The Hole in Our Gospel: Repairing the Racial Divide

In his book The Hole in Our Gospel, president of World Vision Richard Stearns argues that the hole in our gospel is the failure to give more to relieve world hunger and so on.

I understand where Mr. Stearns is coming from.  I read his book and greatly appreciate it.  But right at home here, in the United States, my own contention is that hole in our Gospel is the failure to take seriously racial reconciliation.  This is obvious from our lack of its pursuit.

Where are conferences?

The seminars?

Leading evangelicals continue to have conferences on all sorts of issues.  But there’s nothing on racial reconciliation and what can be done.  We prefer to ignore the matter.  We don’t want to go there.  When someone brings it up, they are called race mongers and the like.

Racial prejudice still exists, and the church is not exempt.

The reason why it comes up is because there is a hole in our gospel.  Racial reconciliation is a gospel issue.  Just ask the Apostle Paul.  He publicly rebuked Peter, a leading apostle, for his display of racial prejudice.

But when I saw that their conduct was not in step with the truth of the gospel, I said to Cephas before them all… (Gal. 2:14 ESV, emphasis added)

According to Paul, Peter’s display of racial prejudice was not “in step with the truth of the gospel” (vv. 11-13).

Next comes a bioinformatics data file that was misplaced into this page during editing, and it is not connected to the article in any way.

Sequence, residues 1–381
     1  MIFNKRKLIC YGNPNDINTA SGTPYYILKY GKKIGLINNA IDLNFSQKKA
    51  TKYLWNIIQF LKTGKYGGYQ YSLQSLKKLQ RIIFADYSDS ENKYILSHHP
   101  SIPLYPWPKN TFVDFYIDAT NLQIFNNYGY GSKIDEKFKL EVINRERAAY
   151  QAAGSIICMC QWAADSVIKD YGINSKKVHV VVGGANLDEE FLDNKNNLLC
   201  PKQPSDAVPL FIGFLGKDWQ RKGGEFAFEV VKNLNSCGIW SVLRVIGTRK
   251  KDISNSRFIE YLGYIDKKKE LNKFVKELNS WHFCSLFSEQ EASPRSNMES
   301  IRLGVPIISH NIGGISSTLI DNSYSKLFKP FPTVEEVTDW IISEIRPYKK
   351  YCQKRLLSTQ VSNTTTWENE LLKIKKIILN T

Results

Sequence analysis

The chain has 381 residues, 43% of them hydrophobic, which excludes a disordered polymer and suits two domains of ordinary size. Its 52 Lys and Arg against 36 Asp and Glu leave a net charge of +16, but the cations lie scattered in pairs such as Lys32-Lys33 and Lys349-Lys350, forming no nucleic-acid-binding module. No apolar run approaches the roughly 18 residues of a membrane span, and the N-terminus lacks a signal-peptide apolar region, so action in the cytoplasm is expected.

The Apostle Paul made racial reconciliation a gospel issue.  And its time for us to repair the hole in our gospel.

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5 Responses to The Hole in Our Gospel: Repairing the Racial Divide

  1. Dan says:

    I wholly lack in this area and desire so much more of myself.

  2. TC says:

    Dan, thanks for sharing this.

  3. Dan says:

    I remember years ago planting a church in Kansas and trying to start a conversation at that time in our town. I was too young and didn’t have enough experience to really know how to do that. I was friends with several black pastors, but that was it. In the Twin Cities, it’s a much more diverse population and I’m friends with black pastors along with other ethnic pastors, but the real conversations still need to happen. I want to know what I can do!

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